When discussing the careers of women leaders, there’s a phenomenon referred to as the “glass cliff,” Harvard Business Review reports. It’s a relative to the term “glass ceiling,” which describes the invisible barrier to advancement that women historically have faced when they are up for promotion to the highest levels of an organization.
The “glass cliff” describes the idea that when a company is in trouble, a female leader is put in charge to save it. When women are finally given a chance to prove themselves in a senior position, they are handed something that is already broken and where the chances of failure are high.
During the COVID-19 crisis, there have been anecdotes about women leaders doing a better job, but now new research backs that up. One study found that outcomes related to COVID-19, including the number of cases and deaths, were systematically better in countries led by women. Another looked at governors in the U.S. and similarly found that states with female leaders had lower fatality rates.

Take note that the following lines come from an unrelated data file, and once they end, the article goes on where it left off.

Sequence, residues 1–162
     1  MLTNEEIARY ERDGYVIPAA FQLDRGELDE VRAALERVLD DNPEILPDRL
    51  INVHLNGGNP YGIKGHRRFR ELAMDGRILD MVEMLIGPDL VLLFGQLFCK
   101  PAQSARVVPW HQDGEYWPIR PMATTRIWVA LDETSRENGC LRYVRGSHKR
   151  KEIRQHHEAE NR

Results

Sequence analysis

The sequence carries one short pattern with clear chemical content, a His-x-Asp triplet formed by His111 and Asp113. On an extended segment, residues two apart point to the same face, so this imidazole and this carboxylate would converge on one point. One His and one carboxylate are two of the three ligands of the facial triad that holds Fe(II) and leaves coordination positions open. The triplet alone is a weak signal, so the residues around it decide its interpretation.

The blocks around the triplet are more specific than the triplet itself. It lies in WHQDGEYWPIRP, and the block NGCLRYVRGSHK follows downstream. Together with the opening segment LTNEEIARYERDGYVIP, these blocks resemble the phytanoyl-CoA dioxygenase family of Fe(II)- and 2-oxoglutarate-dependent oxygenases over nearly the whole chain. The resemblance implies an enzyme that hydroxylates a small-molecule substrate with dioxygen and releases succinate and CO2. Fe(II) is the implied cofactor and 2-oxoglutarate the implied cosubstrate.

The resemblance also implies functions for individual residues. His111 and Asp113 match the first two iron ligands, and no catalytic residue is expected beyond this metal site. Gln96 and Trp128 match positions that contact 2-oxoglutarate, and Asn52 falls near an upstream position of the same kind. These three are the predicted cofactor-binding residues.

Harvard Business Review decided to look at its global database of 360-degree assessments to see if there were any patterns in how male and female leaders inside organizations are reacting and responding to the crisis. The data for the analysis was pulled from assessments of over 60,000 leaders (22,603 women and 40,187 men).
Between March and June of this year, 454 men and 366 women were assessed on their leadership effectiveness using the Extraordinary Leader 360-degree assessment. Consistent with a pre-pandemic analysis, it was found that women were rated significantly more positively than men. The gap between men and women in the pandemic is even larger than previously measured, possibly indicating that women tend to perform better in a crisis. Read the full story.